Funnily enough, this device serves as the microcontroller and Bluetooth 5 LE portion of RAKwireless’ RAK11720 module, so we at ipXchange thought it would be useful to dive into Ambiq’s Apollo3 Blue SoC in a little more detail.
The ultra-low power consumption is certainly the most interesting thing to note about the Apollo3 Blue – in deep sleep mode with the Bluetooth off, it goes as low as 1 μA. This, in combination with a high-performance Cortex-M4 processor (clocking at up to 96 MHz), makes the Apollo3 Blue SoC an ideal centrepiece for connected, battery-operated end products in smart home, consumer/entertainment, lighting, security, wearables, and healthcare applications. Depending on how much you want to push this chip’s limits, Ambiq boasts that their ultra-low current consumption innovations enable an extended lifetime of months to years of battery life in products that currently exhibit days or months of battery life. That’s a pretty big boast!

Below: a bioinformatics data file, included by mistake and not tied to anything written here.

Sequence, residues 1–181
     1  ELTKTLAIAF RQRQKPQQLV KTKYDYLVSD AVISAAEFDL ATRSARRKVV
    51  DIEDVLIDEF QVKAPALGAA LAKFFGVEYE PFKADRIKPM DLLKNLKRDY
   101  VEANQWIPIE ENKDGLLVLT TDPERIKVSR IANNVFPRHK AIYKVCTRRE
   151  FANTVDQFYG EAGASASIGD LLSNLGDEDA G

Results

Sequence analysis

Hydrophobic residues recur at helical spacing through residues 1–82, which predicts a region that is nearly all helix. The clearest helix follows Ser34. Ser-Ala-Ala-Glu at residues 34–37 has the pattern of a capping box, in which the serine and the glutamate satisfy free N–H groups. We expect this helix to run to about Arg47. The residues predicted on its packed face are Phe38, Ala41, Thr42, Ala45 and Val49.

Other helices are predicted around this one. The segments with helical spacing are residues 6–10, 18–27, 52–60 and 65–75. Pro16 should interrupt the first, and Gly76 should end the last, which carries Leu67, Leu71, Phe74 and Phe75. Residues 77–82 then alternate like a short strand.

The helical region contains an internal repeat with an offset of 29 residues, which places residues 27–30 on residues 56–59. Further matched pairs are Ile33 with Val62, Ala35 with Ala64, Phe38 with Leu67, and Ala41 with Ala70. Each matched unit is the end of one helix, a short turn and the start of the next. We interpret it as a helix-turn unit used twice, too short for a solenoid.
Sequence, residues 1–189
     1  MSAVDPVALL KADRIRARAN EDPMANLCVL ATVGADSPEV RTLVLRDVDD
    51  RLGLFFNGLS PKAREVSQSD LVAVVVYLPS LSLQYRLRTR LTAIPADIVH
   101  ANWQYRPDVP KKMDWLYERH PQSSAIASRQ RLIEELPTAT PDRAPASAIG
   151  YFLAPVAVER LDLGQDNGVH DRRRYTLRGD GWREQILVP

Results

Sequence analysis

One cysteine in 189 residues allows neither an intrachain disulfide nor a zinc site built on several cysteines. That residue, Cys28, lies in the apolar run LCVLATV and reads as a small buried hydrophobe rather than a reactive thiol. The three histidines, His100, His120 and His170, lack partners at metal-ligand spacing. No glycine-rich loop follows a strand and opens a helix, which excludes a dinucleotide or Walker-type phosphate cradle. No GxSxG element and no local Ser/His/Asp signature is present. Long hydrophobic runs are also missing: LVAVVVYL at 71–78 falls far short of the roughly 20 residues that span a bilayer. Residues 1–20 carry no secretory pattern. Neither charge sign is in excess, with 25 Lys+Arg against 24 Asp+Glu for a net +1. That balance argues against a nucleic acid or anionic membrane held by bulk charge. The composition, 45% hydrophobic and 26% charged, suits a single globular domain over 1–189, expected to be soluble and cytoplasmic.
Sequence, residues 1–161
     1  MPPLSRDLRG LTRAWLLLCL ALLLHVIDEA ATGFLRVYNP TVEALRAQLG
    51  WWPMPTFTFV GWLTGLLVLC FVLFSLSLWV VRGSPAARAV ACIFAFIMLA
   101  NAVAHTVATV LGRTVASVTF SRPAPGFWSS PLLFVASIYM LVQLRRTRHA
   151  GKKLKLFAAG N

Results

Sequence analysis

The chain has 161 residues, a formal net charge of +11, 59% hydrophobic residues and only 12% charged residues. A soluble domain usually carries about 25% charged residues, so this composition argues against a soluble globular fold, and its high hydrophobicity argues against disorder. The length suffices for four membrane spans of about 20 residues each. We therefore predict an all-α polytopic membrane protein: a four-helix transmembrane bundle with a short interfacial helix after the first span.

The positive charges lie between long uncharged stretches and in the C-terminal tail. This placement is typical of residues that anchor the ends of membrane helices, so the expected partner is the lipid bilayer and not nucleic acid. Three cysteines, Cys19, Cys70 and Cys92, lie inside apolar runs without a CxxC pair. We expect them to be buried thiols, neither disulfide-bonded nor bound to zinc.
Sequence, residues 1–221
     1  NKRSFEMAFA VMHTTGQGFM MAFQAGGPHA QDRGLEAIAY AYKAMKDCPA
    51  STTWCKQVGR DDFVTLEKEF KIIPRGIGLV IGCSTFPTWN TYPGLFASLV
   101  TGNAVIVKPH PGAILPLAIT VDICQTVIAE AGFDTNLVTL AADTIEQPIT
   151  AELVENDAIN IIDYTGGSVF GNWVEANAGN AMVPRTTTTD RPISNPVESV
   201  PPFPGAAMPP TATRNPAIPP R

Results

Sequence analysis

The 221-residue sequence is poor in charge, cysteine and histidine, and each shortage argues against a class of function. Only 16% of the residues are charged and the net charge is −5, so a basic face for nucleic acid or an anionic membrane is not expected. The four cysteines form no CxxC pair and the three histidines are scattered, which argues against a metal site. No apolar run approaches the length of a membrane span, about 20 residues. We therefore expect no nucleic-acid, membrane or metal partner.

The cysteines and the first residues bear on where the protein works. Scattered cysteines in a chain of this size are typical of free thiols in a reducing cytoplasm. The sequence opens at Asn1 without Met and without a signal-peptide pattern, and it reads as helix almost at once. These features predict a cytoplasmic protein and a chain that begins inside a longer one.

In addition to this main portion of the chip, the Bluetooth LE 5 functionality runs on a separate core to ensure that all the required processing power is available for sensors and other peripherals that your design may require. Such peripherals include up to 50 GPIOs, a 15-channel 14-bit ADC, and an advanced stepper motor control that can be used for ultra-low power analogue watch hand movement in hybrid smart watches. Apollo3 Blue even has a PDM interface for mono and stereo audio microphones, so always-on voice-commands can certainly be implemented despite the device’s ultra-low power consumption.
This short post barely covers the large range of interfaces, and therefore possibilities, that Ambiq’s Apollo3 Blue SoC offers, so go learn more on our board page, where you can also apply to test this technology for use in a commercial application.